Just Say “Young” Isn’t the Solution. Education and effective modelling is the answer. We don’t lose youth when they reach college because we fail to hold to a specific young earth interpretation of Genesis. We lose people for these kinds of intellectual reasons when they discover for themselves the deep dissonance between the style of “critical” thinking that underlies the conservative interpretive framework and both the facts and the style of critical thinking that they learn in college or post college. They discover the dissonance and don’t have the tools to cope with the situation.
The compromise that Ham bemoans as “rampant through our Christian colleges, churches, and seminaries,” especially in colleges and seminaries, really centers on this issue of critical thinking and the approach to scripture. Most of the so-called compromise arises from the need to wrestle with scripture afresh in each generation. Yes there are those who go too far, but the extremes rule in part because we are afraid to have honest conversations about scripture and its interpretation. We as Christians do more damage when we refuse to engage honestly than when we carry on a real conversation. There are satisfactory answers to the extreme positions, … both the extreme represented by those who claim that science has disproved the supernatural element of God’s work in creation and the extreme represented by Answers in Genesis.
We need to be teaching people to think deeply about scripture and about the whole sweep of scripture – God’s mission in the world. As Osborn pointed out we can only be true to the principle of sola scriptura if we are also committed to the principle that the biblical narratives draw us into a continuous dialogue. The first step to building a robust understanding of Scripture and the Christian faith is to hold loosely to our particular theological commitments and our doctrine of scripture while search for the core of Christian faith. The second step is to follow the advice of N.T. Wright:http://youtu.be/IUC6XKXSBMw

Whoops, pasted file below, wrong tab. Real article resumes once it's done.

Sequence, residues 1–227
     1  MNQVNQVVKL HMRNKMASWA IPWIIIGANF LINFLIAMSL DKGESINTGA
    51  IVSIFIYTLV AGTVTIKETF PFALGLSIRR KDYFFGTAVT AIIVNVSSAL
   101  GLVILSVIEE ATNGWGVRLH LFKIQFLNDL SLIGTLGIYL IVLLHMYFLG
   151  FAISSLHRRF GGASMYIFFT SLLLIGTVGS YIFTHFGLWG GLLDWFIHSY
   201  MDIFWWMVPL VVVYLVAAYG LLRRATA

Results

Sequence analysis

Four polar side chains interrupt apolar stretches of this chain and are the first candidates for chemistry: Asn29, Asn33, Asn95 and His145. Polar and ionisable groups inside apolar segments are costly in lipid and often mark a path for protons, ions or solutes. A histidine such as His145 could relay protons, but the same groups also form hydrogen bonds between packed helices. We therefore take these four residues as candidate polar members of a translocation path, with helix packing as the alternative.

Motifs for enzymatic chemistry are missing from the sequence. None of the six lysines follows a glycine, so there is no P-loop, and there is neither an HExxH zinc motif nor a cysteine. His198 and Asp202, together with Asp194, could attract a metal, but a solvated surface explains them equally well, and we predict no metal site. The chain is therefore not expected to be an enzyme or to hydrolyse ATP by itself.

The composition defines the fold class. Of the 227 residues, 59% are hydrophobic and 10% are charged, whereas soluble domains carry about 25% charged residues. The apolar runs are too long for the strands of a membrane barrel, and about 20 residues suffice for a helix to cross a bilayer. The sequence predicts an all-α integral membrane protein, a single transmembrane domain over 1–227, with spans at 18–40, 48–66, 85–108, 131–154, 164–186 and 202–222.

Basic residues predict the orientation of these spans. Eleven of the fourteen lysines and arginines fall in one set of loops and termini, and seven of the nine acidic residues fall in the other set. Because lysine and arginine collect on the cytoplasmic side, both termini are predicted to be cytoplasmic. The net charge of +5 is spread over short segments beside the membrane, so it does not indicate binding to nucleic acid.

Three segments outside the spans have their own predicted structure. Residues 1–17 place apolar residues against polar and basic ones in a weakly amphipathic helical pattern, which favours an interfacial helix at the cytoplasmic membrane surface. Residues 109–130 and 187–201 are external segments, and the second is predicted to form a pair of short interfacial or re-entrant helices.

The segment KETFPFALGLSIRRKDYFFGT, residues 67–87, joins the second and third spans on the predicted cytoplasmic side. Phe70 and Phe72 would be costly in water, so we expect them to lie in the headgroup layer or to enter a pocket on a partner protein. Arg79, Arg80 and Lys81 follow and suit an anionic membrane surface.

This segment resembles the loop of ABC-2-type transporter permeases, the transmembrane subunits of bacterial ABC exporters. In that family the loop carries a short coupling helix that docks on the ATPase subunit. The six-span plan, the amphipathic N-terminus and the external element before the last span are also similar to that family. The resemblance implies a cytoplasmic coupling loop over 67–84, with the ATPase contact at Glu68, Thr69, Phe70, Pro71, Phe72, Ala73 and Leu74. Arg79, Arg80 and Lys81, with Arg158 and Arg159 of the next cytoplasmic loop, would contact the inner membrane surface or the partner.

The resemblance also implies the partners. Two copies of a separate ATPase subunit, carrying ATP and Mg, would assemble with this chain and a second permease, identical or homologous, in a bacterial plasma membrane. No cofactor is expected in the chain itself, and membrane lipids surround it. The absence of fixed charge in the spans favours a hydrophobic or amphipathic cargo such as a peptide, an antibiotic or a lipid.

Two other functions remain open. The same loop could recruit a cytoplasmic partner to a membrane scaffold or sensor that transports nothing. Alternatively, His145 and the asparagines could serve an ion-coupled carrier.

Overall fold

We need to know the whole sweep of scripture from Genesis to Revelation. And this can only be known by reading the Bible. The Bible is meant to be experienced the way a great symphony is experienced not picked apart and defended scientifically.
What response would you give to Ken Ham?
What do you think of the BioLogos response?
The Evolution and Christian Faith projects span a wide range of approaches and topics. One of the ECF projects is a week long seminar designed to provide resources for young scholars embarking on a career in paleontology, geology, or other evolutionary earth sciences including evolutionary biology. More information can be found here: Equipping the Next Generation of Christian Evolutionary Biologists and Paleobiologists: A Seminar for Early Career Scientists. If you are, or know of, a Ph.D. Student, postdoctoral scholar, or even a new professor and are interested, take a look. It requires a commitment of time – but expenses are paid by the ECF grant.
If you wish to contact me directly you may do so at rjs4mail[at]att.net
If interested you can subscribe to a full text feed of my posts at Musings on Science and Theology.